The average American adult hasn’t made a new friend in five years.1 Five years! So, if you’re wondering how to make friends, you’re not alone.
Why is making friends so hard? Because friendships are formed through shared experiences, in doing hard things together, which is why a lot of our ride or die buddies come from childhood or college.
But as we age, we settle into our routines of work and family and errands and isolation. Before you know it, time passes, and you move, change jobs, or have kids. Then one day you look up and realize you’re lonely.
Make no mistake, it is hard to make friends. It’s the worst. It’s awkward and messy, and it takes time. But if you want to live a full life, you’ve got to do it.
Where to Make New Friends
If you’ve ever asked yourself, Why do I struggle to make new friends?, know there’s nothing wrong with you—but you might not be in the right environments to meet new people. Here are 10 places where you can meet new people and make new friends:
- Volunteer in your community.
- Join a local gym or sports league.
- Visit a neighborhood coffee shop or juice bar regularly.
- Join a professional networking group.
- Become a donor or support your community arts, zoo or museum organizations.
- Go to church or join a spiritual study group.
- Take your dog to the dog park.
- Visit neighborhood food, art and music festivals.
- Check out Meetup for local social groups and activity calendars.
- Take a class or learn a new skill through a community college or learning center.
How to Make New Friends
Making new friends as an adult is going to take intentionality. A lot of it. And I don’t care if you’re a 6-foot-2-inch introvert from Texas like me or a social butterfly with a gazillion Instagram “friends.” You’ll need to decide to take action to meet new people. Here are 10 ways to make new friends.
1. Go first and put yourself out there.
All friendships start with risk. When you’re learning how to make friends as an adult, you’ve got to put yourself out there, try to connect, and see how people respond. It’s scary, but it’s worth it. You’ve got to stop waiting for someone else to reach out to you. You go first! You are worth it.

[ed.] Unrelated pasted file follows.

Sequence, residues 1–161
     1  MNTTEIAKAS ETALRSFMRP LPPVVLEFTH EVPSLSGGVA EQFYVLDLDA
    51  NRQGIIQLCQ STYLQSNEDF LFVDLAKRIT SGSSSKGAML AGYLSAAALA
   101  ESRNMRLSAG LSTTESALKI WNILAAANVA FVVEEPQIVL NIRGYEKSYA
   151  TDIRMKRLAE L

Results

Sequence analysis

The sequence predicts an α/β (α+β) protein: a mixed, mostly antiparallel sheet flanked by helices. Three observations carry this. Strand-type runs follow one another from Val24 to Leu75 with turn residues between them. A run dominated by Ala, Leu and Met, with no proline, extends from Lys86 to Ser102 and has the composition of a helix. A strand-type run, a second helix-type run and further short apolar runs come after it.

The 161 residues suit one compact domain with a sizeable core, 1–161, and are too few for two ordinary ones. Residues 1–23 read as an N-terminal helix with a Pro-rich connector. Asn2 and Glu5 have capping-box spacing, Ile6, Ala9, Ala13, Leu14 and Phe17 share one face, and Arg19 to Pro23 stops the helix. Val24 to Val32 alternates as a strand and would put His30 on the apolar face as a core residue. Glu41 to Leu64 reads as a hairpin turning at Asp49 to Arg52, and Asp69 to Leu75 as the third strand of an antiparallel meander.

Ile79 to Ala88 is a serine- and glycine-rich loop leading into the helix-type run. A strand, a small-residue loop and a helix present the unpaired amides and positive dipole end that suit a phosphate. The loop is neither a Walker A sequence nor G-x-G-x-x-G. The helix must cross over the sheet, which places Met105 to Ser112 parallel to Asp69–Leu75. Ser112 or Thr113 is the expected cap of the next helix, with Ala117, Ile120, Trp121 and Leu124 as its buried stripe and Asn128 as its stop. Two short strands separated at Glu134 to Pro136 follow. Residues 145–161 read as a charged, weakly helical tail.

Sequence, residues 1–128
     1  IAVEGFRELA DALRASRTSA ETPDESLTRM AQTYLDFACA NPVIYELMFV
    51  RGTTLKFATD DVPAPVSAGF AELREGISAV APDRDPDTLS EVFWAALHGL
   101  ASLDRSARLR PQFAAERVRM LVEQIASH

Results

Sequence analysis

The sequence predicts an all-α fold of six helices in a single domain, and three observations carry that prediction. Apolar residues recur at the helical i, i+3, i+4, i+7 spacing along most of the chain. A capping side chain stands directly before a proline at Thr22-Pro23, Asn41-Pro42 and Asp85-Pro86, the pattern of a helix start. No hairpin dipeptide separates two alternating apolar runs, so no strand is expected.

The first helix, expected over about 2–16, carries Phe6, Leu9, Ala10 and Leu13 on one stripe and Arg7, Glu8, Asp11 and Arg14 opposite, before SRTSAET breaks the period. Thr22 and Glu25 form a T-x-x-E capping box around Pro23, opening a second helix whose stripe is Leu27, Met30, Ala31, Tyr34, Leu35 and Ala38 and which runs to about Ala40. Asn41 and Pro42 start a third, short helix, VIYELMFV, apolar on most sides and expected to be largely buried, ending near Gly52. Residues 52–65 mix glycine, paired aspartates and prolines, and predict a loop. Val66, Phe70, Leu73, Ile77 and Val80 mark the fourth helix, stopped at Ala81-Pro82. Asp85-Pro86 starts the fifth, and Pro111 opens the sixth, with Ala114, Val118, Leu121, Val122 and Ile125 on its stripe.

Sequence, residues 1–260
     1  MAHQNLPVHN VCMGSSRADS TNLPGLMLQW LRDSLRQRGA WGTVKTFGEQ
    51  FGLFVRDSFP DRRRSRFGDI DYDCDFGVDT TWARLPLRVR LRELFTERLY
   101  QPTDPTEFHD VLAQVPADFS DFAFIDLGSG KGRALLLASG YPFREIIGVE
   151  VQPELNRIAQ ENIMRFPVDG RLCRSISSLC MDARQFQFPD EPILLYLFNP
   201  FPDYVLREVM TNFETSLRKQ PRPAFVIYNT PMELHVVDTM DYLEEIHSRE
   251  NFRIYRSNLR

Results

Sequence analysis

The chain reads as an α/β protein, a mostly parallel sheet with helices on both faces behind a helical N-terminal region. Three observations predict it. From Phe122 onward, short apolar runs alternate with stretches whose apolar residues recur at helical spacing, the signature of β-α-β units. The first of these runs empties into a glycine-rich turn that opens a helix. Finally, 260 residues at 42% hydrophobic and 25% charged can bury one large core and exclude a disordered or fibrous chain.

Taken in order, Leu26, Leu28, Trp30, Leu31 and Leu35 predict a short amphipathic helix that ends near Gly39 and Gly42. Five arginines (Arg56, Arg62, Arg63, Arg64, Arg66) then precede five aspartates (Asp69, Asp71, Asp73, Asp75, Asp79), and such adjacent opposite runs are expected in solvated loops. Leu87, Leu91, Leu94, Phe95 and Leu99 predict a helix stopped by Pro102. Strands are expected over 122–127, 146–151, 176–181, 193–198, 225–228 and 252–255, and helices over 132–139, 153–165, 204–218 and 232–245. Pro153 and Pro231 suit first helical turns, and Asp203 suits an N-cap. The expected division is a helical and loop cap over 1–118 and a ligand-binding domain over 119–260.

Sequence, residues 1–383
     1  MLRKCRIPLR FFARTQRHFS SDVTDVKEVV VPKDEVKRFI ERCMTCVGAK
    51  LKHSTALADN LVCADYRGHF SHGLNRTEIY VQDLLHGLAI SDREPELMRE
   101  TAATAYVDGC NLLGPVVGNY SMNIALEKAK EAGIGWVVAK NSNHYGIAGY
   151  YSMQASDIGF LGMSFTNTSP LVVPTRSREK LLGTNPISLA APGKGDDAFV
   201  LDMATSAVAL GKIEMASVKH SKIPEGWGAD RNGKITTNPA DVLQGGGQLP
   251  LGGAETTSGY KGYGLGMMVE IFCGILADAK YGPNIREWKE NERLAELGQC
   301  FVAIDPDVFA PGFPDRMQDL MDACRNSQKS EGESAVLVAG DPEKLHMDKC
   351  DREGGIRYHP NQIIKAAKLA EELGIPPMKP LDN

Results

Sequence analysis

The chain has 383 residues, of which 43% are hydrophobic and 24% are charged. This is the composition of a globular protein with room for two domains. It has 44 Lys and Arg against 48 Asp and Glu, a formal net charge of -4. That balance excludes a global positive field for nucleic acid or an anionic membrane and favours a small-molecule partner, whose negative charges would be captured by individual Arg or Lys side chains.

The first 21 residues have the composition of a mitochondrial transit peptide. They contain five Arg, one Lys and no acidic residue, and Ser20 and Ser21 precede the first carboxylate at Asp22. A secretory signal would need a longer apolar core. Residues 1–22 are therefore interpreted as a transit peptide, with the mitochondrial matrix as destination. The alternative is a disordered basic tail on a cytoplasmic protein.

So, at the beginning of this endeavor, decide that you’ll accept awkwardness and rejection. It’s not always going to click or work out, but don’t take any of that personally—just keep showing up. Even if small talk, eye contact, friendliness and smiling aren’t first nature to you, you can learn the skills you need to connect with people and make friends.
By the way, if you’re facing some serious social anxiety or need to work on some basic skills for connecting, I encourage you to find a therapist who can help.
2. Be intentional about staying connected.
We live in a fast-paced, self-centered and isolated world. Making friends is an act of will and a commitment to being open and vulnerable. If you want to make more friends, you have to be purposeful about meeting people, spending time with them, and following up—whatever it takes to stay connected. This means you might need to let go of some habits and time wasters standing between you and friendship. You might need to put reminders on your calendar and practice responding to others. The key is intentionality.
3. Focus on being a good friend.
If you want to have good friends, you must first be a good friend. I’m not just talking about your personality. You don’t need to be the funniest girl in the room or the life of the party guy.
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I’m talking about character and service. Are you kind and respectful? Do you show up pretending to be someone you’re not, or are you comfortable in your own skin? Are you a good listener? Are you generous with your time? Do you show up for people? If you focus on serving others—making them feel seen and known and valued—instead of thinking first about what you can get from them, people will notice.